Yet this posture, of coming to Christ as broken, must be modeled before the world in community. We, the church must be first in the confession of our brokenness. This is not just a tactic. This is the first and necessary step towards the redemption, the dying and rising with Christ,  that births the renewal of all things. We must be living this “way” that we are inviting the whole world into.

The biggest problem with the evangelical church’s witness regarding sexuality among our society, nevermind among the GLBTQ, is that we ask others to change their sexual behavior without seeing the duplicity in our own sexual behaviors and orientations. We therefore come into a context, whatever its sexual issues are, from a power position, claiming everyone else is screwed up but us. This defies the incarnational logic of Christ, and the way the Triune God works in the world in Christ by the Spirit.

In the case of evangelicals and gays, evangelicals have typically baptized all heterosexual attraction as good and then offer “getting married” as the solution to anyone who cannot control him/herself.  We never deal with the stunning amount of screwed up heterosexual/monosexual desire that lies resident in our churches which heap abuse after abuse upon one another and sap our sexual lives of God’s purposes.
As the community of Christ, i.e. a “welcoming and mutually transforming” community, we must lead the world into redemption by first leading the way into humility, brokenness and confession. This communal embodied posture is the defining starting point for missional engagement with a culture’s sexual issues in Christ, no matter what they might be. It embodies what it is we are inviting all people into including those who call themselves “gay.”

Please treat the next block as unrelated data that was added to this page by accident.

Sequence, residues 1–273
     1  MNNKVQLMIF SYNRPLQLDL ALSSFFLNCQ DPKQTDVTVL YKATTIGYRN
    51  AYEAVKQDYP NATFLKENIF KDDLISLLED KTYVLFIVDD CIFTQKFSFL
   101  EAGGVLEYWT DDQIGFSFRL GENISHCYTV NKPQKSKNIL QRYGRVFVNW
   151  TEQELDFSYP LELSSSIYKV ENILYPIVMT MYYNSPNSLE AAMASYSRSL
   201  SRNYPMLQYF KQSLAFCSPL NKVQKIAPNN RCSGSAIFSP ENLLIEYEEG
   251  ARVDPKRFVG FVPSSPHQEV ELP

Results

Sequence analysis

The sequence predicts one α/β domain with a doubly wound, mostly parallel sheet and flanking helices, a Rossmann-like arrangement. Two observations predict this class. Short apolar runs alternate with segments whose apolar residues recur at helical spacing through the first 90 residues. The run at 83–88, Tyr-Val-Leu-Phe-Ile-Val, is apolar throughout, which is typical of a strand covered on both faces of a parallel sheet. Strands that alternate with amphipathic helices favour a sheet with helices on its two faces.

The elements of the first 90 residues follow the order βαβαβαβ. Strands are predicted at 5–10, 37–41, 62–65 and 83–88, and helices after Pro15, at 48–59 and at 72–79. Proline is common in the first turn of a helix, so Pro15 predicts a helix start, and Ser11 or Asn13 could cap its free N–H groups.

I think the major objection to this from the GLBTQ advocates in our midst is that “this is a power play.” By saying all desire must be submitted to Christ, the argument goes, you are pre determining our sexual desire as sin. I’ll address this more in the next post. But for now, I wish to say that Jesus and the entire New Testament insists that those in power and those with the gospel must be those who give up power, in essence go and inhabit the world powerless, live in submission to one another, and to the “other” in submission to the Lordship of Christ. Instead of saying to the gay/lesbian “you must confess your sin ________, let us instead say “let me confess my sin to you” and invite you to join in with me (discerning sin in and among my life), as we seek what redemption might look like as we submit our lives to Christ. To anyone who might seek that a particular desire be classified as sacred over the supremacy of Christ, to those who are not yet ready to enter into the death and resurrection of Christ, we grieve. This, nonetheless, is what we live incarnationally as witnesses to. This is all we have to offer. The Triune work of God in the person of Jesus Christ. The way of renewal through the death and resuurection of Jesus Christ. We are not demanding that anyone follow this path. We are not pre-judging anyone. We are merely witnessing to (and offering non-coercively) to the world what God is doing and in and through Jesus Christ.

My question to y’all, is this posture of the WMT community a power play? Is the very giving up of power a power maneuver? If so, how?